Saturday, 5 September 2009

Bonnie Gallowa'

Dumfries and Galloway is Scotland's overlooked corner. People zoom past it on the way to Glasgow, Edinburgh and the North, but it is stunningly beautiful, with neat little towns and villages that time has changed little. I (sort of) come from there. My grandparents lived in Castle Douglas until they died and my mother until she married and I spent all my summers there. It is brilliant, friendly and the beer is crap.

I took E there on a couple of nights of sentimental journey. It's the sort of thing you do as you get older and the reaper's figure is no longer such a speck in the distance. These things can be disappointing, but not here. CD is (externally) virtually unchanged, except for the Tesco which replaces the Railway Station, scandalously closed down by Beeching in 1964, taking my grandfather's job as signalman with it and some might say, his life too.

One thing CD didn't have when I was young, was a brewery. Sulwath Brewery is in the former home of Smart the Bakers. It doesn't tell you that, but I know. It has a neat little shop cum pub which dispenses brewery apparel, bottles and, from the bar, cask beer. That's the good bit. The bad bit is that frankly, the beer is pretty ordinary. Two cask ales were available on both days we called in. Black Galloway is a porter with potential, but had a sourish edge which was way too acetic for my palate, while The Grace was a so-so bitter of no distinguishing features, which did little for me. On both visits the place was full of English tourists presumably seeking a decent pint, plus the same two or three drunks blocking the bar. One might have been the owner I reckon. That wasn't good either. This brewery is missing tricks on all levels. It needs to sort out its beer and find a way of getting it in pubs. The area is jumping with thirsty English people, huntin', shootin', fishin', golfing and just touring. Tap into that I'd say.

You could do the enries in the GBG for Galloway in a day and a half if you tried hard. We tried three. The first was the Farmers Arms in Clarencefield. A nice little pub. The one beer? Greene King IPA! What's the point of that, but the place was festooned with Belhaven signs, so a bit of a clue there. The next was much better and a pub I was last in around 35 years ago. Had the Laurie Arms changed much? Blowed if I know, but I kind of doubt it. Pleasant service, good food and decent beer. Trade Winds from Cairngorm was pale and hoppy while we chatted to a long retired Royal Marine Colonel and his wife who were having a quiet lunchtime bottle of red. A good pub which also had Youngs Bitter on.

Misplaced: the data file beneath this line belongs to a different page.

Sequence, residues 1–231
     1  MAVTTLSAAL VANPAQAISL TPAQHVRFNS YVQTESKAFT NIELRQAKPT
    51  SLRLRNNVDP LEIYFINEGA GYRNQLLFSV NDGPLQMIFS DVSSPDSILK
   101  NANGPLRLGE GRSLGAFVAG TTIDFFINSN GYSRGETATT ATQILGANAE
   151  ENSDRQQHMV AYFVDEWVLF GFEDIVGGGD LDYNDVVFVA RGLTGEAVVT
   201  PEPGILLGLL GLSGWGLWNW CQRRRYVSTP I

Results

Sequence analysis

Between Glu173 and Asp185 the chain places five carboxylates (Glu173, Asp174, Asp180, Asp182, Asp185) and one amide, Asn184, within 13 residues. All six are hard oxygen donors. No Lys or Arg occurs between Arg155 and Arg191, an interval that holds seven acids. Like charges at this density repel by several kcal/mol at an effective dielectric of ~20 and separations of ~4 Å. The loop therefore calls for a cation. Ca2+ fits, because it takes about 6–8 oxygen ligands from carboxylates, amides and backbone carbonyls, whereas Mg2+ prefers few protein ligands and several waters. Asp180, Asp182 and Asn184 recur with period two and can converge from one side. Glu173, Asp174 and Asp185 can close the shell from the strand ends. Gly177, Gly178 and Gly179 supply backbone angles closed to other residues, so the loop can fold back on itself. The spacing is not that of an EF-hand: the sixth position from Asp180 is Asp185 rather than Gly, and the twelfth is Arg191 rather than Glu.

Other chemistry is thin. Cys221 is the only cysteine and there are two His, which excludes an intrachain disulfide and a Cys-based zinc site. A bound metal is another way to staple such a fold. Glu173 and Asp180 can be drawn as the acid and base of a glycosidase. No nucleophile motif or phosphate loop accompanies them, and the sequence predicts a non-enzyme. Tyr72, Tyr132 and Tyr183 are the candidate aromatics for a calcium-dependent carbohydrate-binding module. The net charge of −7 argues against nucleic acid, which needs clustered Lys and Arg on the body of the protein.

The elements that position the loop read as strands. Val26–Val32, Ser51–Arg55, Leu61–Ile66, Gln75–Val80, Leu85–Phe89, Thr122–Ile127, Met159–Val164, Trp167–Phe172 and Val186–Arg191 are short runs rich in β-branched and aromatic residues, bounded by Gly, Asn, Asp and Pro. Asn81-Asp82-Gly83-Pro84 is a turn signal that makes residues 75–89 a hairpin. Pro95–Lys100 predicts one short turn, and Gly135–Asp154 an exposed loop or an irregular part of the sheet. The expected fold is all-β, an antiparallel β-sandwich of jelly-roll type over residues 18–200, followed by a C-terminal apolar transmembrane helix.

The next day brought two more GBG pubs. In Kirkcudbright, we visited the excellent and sparkling Masonic Arms though I passed on Roosters ( I haven't been impressed with their beers for a long time) in favour of Hoegaarden. The barmaid was very friendly and we eavesdropped on the local gossip on which small towns thrive. This did not intrude on excellent service.

Our last GBG pub was in beautiful Kippford on the Solway, where yachts bobbed on a twinkling sea. We passed the lifeboat station and its poignantly half mast flag, wondering why and into the Anchor Hotel. Sulwath Criffel which we'd already had elsewhere and is a weedy Black Sheep Bitter taste-alike, had to be passed over. The other offering was Deuchars IPA. I waited at the bar in a pretty empty pub, while the landlady tried to get a signal on the card terminal while not acknowledging my presence. When she finally got round to me, her one word was "Yes?" We supped our diacetyl bombs while she carried on loud local gossip with a man at the bar. The next customer got similar treatment, with the landlady - and it was the landlady I'm sure - continuing her conversation with the regular at the same time. We left the almost empty bar without a "thanks or a goodbye". It's touristy there, but that isn't an excuse. It is touristy everywhere there, yet we were met with courtesy, friendliness and interest everywhere else. This woman let the side down and that part of the world is important to me. She should be ashamed.

I'm not knocking gossip. It is the very life blood of a small community, but there is a right way and a wrong way!

6 comments:

Somebloke said...

The sign on the photo says 'Anchor Hotel' rather than 'Inn'. Perhaps it's worth a swift edit of your text - not just being pedantic, she might just happen across your blog one day (if she's interested enough to Google for it) and end up with a well-deserved red face :)

Nice post.

Tandleman said...

Done! Thanks.

Curmudgeon said...

Completely agree - a lovely part of the world, but very much a beer desert. The coastal scenery on the A75 between Castle Douglas and Newton Stewart is spectacular.

Bailey said...

Trade Winds leapt out at me from your list. I remember that being pretty decent. (Although aren't there several beers of that name from different breweries? Maybe I'm confused.)

British tourist towns really do need to try harder. Did you read this from Adrian Tierney Jones?

Tandleman said...

No, but I certainly relate to it.

Woolpack Dave said...

Tourist pubs are probably the most difficult to run. But then, what do I know?